If there was one somewhat dominant retort to the Javy Baez-Francisco Lindor-Kevin Pillar thumbs-down prior to Monday, it was reminding the miscreants that the fans pay their salaries. Well, now. Has anyone really stopped to think about whether that’s really true anymore?
Guess what. It hasn’t been true for longer than you think.
It was true once upon a time, when baseball teams were owned almost entirely by rich men and women for whom it was secondary to the enterprises that made their wealth in the first place. (Jacob Ruppert, longtime Yankee owner, was a brewer by profession; Walter O’Malley, longtime Dodger owner, was an engineer and attorney by profession.)
Some of them did it because they genuinely loved the game. (See Bill Veeck, Horace Stoneham, Joan Payson, to name two.) Some of them did it for things like dumping excess income to duck Uncle Siphon’s tax hounds. You get the idea.
In that generation, men such as Dan Topping (eventual Yankee co-owner) thought he could strong-arm his manager Ralph Houk into changing his lineups to get Mickey Mantle, the fans’ presumed preference over that interloper Roger Maris, the better shot at breaking Babe Ruth’s single-season home run record in 1961.
Topping apparently reminded Houk the fans paid his salary. To his eternal credit, Houk reminded Topping—with or without succumbing to the temptation to tell Topping where to stuff it—that, the last he looked, his job as the manager was to arrange the lineup most likely to, you know, win baseball games and Yankee pennants first and foremost.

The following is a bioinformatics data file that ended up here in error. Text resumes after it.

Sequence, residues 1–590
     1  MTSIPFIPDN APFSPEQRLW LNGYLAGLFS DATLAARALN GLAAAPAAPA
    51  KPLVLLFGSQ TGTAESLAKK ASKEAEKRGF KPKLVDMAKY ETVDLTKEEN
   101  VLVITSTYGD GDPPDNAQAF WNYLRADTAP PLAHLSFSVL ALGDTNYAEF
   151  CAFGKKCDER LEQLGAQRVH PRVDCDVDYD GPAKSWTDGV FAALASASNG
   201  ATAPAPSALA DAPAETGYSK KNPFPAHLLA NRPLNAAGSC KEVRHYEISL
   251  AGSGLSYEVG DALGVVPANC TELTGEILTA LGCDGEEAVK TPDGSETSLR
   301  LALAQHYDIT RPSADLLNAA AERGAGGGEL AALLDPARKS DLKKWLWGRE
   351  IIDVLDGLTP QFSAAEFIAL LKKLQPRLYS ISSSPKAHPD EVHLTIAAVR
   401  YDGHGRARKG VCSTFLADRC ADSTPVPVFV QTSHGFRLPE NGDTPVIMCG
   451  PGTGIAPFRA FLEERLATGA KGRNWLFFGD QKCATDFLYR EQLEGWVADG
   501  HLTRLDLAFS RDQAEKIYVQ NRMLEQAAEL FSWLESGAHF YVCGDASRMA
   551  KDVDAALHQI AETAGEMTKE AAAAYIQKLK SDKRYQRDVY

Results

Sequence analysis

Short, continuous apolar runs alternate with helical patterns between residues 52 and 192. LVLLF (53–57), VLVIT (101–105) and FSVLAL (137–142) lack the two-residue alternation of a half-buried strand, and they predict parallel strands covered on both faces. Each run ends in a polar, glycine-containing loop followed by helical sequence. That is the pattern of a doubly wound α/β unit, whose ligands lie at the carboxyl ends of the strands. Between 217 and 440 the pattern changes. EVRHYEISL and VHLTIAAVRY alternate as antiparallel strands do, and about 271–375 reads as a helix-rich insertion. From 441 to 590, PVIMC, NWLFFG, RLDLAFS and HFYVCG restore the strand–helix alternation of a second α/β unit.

That was then, when baseball teams really did depend upon the gate to earn their keep. This has long been now, when baseball ownership isn’t just a group of wealthy sportspeople indulging passions: Baseball fans haven’t paid the lion’s share of player salaries for a few decades.
By way of multiple sources, you can look it up if you so desire: Ticket sales account for maybe 30something percent of a baseball team’s revenues. The concession stand takes get divided between the owners and the vendors/manufacturers who provide the beer, dogs, snacks, merchandise, and chatzkehs sold at the ballpark. Those vendors and manufacturers also have that little matter of paying the people who cook, pour, and sell the goodies.
All those player jerseys and player-specific souvenirs? For one thing, they’re not sold at the ballparks exclusively. For another, they have nothing to do with player salaries. For a third, the take there gets split evenly between the clubs and the players’ union . . . and the union distributes their take evenly among all players, no matter whose goodies are how popular. Scrubby Sackostones gets the same share as Shohei Ohtani.
You might want to consider all that the next time you lament how much you spend on food, drink, and souvenirs at the game. If you really think the owners and their vending partners today would cut concession prices, if they could get away with suppressing players’ pay again, I’ve just cut the sale price again on that Antarctican beach club.
Broadcast revenues? Whether it’s those national broadcast rights that fetch megabillions, or the local broadcast rights that fetch individual teams from millions to billions depending on markets, those dollars plus the revenue shares certain teams get from certain other teams get paid before a season even begins. Thanks to baseball’s continuing, insane blackout rules, you can’t watch as much as you think, still.